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Joint Base Elmendorf-Richardson declares health emergency after 7 COVID-19 cases confirmed

The Elmendorf Fitness Center (U.S. Air Force photo/Tech. Sgt. Keith Brown)

Seven of Alaska’s 32 confirmed cases of COVID-19 were on Joint Base Elmendorf-Richardson, according to an online statement.

The base late Sunday declared a public health emergency, which will halt nonessential movement.

The seven people who tested positive are in isolation and “following all CDC (U.S. Centers for Disease Control and Prevention) and DHHS (Department of Health and Human Services) isolation protocols,” the statement said. Six of the people who tested positive are affiliated with JBER, said Commander Patricia A. Csànk during a livestreamed town hall Monday.

Csànk said the base has been preparing to handle a COVID-19 outbreak.

“We know that there was no way the virus was going to skip our base, skip this state or our community, just the way the virus has spread,” she said. “So the Installation as a whole, we’re postured and we’re ready if the contagion spreads and we have a massive breakout there is a mass quarantine facility on the Installation. We have established a mass isolation facility on the Installation so that we can further contain the spread if we’re required to go to that.”

The base announced its first confirmed COVID-19 case three days ago. An unidentified Air Force airman tested positive for the virus after returning from overseas travel.

“All the contact tracing that these folks might have come into over the last couple of weeks has already been accomplished,”Csànk said. “Any folks who had had significant contact with those individuals have already been reached out to by the Public Health Emergency Office. Those folks are under quarantine themselves right now and also under the supervision of a public health officer.”

The base is under Health Protection Condition Charlie, which the base defined as an “elevated risk of sustained community transmission.” Csànk said the base elevated the risk level because of the change in transmission.

“The preponderance of the individuals that tested positive for the coronavirus, through contact tracing showed that they picked up the contagion through domestic or international travel but there is evidence that several individuals picked it up locally in a community transfer,” she said.

Movement on the base will stop “except to leave for work in critical jobs as prescribed by unit chains of command; to buy groceries or other important goods; to receive or provide health care; to drop off or pick up children from care; and to get fresh air while observing 6-foot social distancing between non-family members,” the statement said. Only mission-essential personnel will be reporting to work, the statement said. The Government Hill Gate is closed, Post Road Gate is closed to private traffic and the Arctic Valley Gate is closed on weekends.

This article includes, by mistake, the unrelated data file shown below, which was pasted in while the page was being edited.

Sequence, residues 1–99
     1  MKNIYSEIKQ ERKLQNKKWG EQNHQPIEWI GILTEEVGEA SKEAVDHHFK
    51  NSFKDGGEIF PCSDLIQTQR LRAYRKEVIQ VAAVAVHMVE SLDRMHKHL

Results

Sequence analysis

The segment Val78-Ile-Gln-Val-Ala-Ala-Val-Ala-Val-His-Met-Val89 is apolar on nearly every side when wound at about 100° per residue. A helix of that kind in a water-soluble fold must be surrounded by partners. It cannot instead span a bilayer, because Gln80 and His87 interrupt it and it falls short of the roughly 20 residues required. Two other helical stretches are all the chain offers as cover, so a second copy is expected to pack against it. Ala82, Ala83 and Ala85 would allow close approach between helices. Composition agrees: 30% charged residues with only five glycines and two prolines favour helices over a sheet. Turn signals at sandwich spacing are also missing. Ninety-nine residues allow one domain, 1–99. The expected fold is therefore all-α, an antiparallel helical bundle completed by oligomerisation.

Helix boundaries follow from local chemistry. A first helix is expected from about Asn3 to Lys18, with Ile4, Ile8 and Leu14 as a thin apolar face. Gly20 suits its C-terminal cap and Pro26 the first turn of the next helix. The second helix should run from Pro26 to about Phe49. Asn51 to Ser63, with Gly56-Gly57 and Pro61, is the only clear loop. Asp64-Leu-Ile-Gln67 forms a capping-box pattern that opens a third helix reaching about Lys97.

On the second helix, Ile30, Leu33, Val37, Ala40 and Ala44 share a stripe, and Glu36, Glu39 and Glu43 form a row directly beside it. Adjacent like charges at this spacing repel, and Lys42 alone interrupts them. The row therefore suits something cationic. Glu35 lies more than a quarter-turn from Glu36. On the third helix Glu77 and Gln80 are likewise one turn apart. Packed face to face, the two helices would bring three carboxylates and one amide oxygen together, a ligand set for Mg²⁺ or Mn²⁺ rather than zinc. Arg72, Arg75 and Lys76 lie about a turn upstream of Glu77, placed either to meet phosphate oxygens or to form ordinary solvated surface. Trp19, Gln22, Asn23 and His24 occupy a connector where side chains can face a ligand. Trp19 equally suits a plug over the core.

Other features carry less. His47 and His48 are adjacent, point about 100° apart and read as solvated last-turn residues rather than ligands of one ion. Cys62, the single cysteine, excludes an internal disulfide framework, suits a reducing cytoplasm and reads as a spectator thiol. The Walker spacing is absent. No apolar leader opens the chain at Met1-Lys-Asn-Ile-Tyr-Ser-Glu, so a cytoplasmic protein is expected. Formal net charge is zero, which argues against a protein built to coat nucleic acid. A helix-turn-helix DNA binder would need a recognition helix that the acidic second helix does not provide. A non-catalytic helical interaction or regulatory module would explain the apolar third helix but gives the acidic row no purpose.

The Child Development Centers will remain open, but will limit services to already enrolled children of active-duty mission essential military members, the statement said.

The base plans to keep gyms open to active-duty military members because physical fitness is a “part of their duty and a part of their job requirement,” Csànk said. Equipment has been rearranged and the facilities will limit the number of people allowed at once so that social distancing is maintained.

The Child Development Centers will remain open, but will limit services to already enrolled children of active-duty mission essential military members, the statement said.

Col. Lee Williames, commander of the base medical group, said the clinics have been preparing for COVID-19 and will continue to provide services, with modifications. They plan to meet with patients over the phone or digitally when possible or schedule appointments during times when it is less busy to limit the risk of exposure for patients.

She said the base will elevate the risk level to Delta, “which would start to feel like a lockdown situation,” if there is an uncontrolled spread of COVID-19 or a death.

Alaska health officials announced 10 new confirmed cases Sunday night throughout the state, including seven in Anchorage. There were 32 confirmed COVID-19 cases Sunday, of which 13 are in Anchorage.


© 2020 the Alaska Dispatch News